If the above example is familiar, then you can see how it can become difficult to distinguish between 16 and 24 bit.

You're a shitty troll, so stop pretending you have more of a life than a cool dude -- HollyHopDrive
[ Parent ]

You seem to be confusing (3.00 / 2) (#41)
by daveybaby on Fri May 04, 2007 at 05:23:19 AM EST

bit rate and sample resolution. These are completely independent. Bit rate has no effect on dynamic range whatsover.

[ Parent ]
Lol what? (none / 0) (#42)
by D Jade on Fri May 04, 2007 at 06:55:11 AM EST

Bit-rate determines the DYNAMIC RANGE of a song.

Sample rate determines the FREQUENCY range of a song.

Maybe you should google before you make an ass of yourself next time matey... 3 just for laughs!

You're a shitty troll, so stop pretending you have more of a life than a cool dude -- HollyHopDrive
[ Parent ]

Okay try again (none / 0) (#43)
by daveybaby on Fri May 04, 2007 at 07:43:48 AM EST

bit rate = sample rate * sample depth / compression

16/24 bit sampling depth is not the bit rate. At least, it wasnt when i was designing ADCs. Maybe terminology has changed since then.


[ Parent ]

Lol what again? (none / 0) (#44)
by D Jade on Fri May 04, 2007 at 07:52:39 AM EST

bit rate = number of bits per sample
sample rate = number of samples per second

All sound engineering text books and references for software and hardware confirm this.

Sorry to rain on your parade. But the bit-rate determines the dynamic range of a sample and if you don't know that, you must have been designing ADC's in the late 70s.

You're a shitty troll, so stop pretending you have more of a life than a cool dude -- HollyHopDrive
[ Parent ]

Early Eighties FWIW (none / 1) (#45)
by daveybaby on Fri May 04, 2007 at 08:17:19 AM EST

Who the fuck made the decision that bit rate == bit depth then? All i can say is that i general EE/DSP terms a rate is time domain, not amplitude domain.

Bit rate is (there's a clue in the name) the rate at which bits are generated.

The only time i've ever seen bit rate in any way tied to dynamic range is in the use of 1-bit tracking ADCs. In general ADCs only even mention bit rate when theyre ones with integrated buffers in that stream the data out over a serial link at a certain (you guessed it) bit rate.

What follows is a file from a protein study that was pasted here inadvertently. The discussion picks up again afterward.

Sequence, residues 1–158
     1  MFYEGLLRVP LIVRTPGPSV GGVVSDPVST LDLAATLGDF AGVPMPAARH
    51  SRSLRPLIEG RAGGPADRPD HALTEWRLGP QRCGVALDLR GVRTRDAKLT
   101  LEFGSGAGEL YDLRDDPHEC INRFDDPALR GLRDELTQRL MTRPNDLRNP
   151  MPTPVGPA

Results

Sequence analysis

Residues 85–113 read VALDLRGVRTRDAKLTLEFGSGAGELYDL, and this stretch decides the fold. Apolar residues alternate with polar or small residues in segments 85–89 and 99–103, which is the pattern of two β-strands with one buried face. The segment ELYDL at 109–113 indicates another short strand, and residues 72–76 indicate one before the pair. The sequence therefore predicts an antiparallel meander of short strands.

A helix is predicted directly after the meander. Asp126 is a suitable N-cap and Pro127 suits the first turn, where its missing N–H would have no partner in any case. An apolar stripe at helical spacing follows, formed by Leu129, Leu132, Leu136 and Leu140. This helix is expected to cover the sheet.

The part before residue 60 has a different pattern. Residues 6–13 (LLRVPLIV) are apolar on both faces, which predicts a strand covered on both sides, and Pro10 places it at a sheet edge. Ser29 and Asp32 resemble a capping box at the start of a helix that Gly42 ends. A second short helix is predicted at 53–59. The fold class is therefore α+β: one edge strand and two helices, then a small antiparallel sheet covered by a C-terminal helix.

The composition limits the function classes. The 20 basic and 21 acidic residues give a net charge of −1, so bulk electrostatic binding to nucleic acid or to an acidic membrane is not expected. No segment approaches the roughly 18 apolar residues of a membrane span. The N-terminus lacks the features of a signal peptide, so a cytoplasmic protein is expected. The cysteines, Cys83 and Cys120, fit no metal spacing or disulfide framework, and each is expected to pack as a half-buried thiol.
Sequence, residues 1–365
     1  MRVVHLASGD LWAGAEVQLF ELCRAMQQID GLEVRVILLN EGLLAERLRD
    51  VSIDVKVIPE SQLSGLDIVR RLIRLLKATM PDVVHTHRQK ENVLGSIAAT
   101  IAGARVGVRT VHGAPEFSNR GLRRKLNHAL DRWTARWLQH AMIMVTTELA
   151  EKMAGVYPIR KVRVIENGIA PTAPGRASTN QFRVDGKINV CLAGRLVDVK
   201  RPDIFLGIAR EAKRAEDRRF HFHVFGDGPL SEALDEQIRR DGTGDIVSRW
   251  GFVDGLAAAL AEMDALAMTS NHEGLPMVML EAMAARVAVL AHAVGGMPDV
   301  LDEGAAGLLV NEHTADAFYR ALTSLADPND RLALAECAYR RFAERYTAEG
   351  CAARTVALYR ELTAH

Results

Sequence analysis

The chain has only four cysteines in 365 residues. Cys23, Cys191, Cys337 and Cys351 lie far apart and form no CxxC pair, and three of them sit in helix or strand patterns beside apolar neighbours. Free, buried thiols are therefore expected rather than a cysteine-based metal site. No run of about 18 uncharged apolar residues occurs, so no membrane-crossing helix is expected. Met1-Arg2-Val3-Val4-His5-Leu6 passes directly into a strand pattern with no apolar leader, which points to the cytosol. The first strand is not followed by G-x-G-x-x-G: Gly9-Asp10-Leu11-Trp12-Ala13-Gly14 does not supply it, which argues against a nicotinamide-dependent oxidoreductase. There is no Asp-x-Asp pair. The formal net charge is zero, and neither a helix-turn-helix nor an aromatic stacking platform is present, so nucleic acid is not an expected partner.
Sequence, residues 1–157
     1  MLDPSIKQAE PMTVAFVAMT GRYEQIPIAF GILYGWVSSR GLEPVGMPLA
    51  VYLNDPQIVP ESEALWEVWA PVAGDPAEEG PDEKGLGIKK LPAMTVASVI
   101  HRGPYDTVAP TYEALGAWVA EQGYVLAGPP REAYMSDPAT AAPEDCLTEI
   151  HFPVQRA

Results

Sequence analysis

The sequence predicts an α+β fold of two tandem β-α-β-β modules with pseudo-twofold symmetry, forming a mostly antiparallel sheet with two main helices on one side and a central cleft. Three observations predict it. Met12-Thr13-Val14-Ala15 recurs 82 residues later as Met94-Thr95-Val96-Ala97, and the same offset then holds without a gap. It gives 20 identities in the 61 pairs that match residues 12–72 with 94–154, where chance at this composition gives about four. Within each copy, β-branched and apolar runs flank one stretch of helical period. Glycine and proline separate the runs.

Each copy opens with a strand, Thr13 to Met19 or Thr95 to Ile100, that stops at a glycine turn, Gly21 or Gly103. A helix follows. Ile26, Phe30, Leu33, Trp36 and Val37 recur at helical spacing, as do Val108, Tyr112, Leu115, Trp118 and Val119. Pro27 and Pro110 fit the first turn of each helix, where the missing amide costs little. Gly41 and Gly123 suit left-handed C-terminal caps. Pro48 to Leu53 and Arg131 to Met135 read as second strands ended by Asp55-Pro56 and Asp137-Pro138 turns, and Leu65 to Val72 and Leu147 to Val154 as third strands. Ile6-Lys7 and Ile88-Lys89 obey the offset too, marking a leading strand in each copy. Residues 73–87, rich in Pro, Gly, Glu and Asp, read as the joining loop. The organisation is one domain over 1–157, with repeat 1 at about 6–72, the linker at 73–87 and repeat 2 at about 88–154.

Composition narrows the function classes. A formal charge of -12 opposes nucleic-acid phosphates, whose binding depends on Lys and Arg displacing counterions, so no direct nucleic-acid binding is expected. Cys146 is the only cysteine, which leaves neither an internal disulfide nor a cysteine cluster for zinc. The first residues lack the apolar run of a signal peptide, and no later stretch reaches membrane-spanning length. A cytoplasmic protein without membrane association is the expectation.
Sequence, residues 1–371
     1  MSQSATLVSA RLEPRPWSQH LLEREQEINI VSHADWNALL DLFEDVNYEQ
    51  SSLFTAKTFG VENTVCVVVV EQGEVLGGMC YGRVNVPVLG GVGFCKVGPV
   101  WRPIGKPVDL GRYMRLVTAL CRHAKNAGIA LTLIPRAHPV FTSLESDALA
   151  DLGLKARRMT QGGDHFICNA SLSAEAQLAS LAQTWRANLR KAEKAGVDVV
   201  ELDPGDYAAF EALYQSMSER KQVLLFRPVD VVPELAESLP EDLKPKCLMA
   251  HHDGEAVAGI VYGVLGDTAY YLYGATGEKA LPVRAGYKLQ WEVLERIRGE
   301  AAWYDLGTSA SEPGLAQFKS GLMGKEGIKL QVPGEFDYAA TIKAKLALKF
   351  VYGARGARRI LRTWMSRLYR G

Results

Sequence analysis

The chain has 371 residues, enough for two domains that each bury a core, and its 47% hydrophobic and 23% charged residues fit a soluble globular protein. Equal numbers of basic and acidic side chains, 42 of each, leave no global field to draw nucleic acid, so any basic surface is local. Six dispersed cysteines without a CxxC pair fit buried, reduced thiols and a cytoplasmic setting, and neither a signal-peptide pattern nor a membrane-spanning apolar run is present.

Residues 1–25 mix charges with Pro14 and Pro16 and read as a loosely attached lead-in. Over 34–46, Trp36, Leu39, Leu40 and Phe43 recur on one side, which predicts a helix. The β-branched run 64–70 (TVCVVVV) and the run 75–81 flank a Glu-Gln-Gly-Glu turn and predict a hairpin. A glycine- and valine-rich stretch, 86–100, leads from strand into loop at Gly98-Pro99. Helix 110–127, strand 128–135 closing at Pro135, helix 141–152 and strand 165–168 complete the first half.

Fucking sound engineers, always have to be different.

[ Parent ]

Just to make sure i wasnt going mad/senile (none / 0) (#46)
by daveybaby on Fri May 04, 2007 at 08:26:07 AM EST

I googled and couldnt find anything that referred to bit rate in the way youre talking about. Bit rate == bits per second.

I dont have the patience to go past the 2nd page, so provide some linkage please. Curious.

[ Parent ]

Well if you can't be bothered... (none / 0) (#47)
by D Jade on Fri May 04, 2007 at 09:33:12 AM EST

... then I most certainly am not going to do it for you.

You're a shitty troll, so stop pretending you have more of a life than a cool dude -- HollyHopDrive
[ Parent ]
that's not the way it's used in engineering (none / 0) (#48)
by Delirium on Sat May 05, 2007 at 06:46:45 PM EST

In the world of engineering, a rate is a time-domain quantity, usually measured in something-per-second. As you rightly point out, a sample rate is measured in samples per second, and similarly a bit rate is measured in bits per second.

Quite simply, a "bit rate", more often in digital contexts written "bitrate", and sometimes called the "data rate", is the rate at which bits are being sent or received. So, for example, the bit rate of uncompressed CD audio is about 1.4 Mbit/s: It has a sample rate of 44100 samples/s, a bit depth of 16 bits per sample, and two channels.

Your definition makes no sense, because it's not a rate of any sort, and I have never seen that usage in audio engineering, or any sort of engineering for that matter (and yes, I've published papers in that field).

[ Parent ]

Audiophiles... missing the point since the 1950's. (2.00 / 2) (#36)
by daveybaby on Tue May 01, 2007 at 06:23:10 AM EST

Tell me, which encoder and bitrate should i use to make my Bill Hicks CD sound funniest?

[ Parent ]
I think you missed a 'na' somewhere.. (2.00 / 2) (#39)
by DohnJoe on Wed May 02, 2007 at 08:16:06 AM EST

Na na na   na-na-na naaaaaa, na-na-na naaaa,
             ^
        (right there)

it ruined the article for me... :)

A Never-Ending Beatlemania | 47 comments (33 topical, 14 editorial, 0 hidden)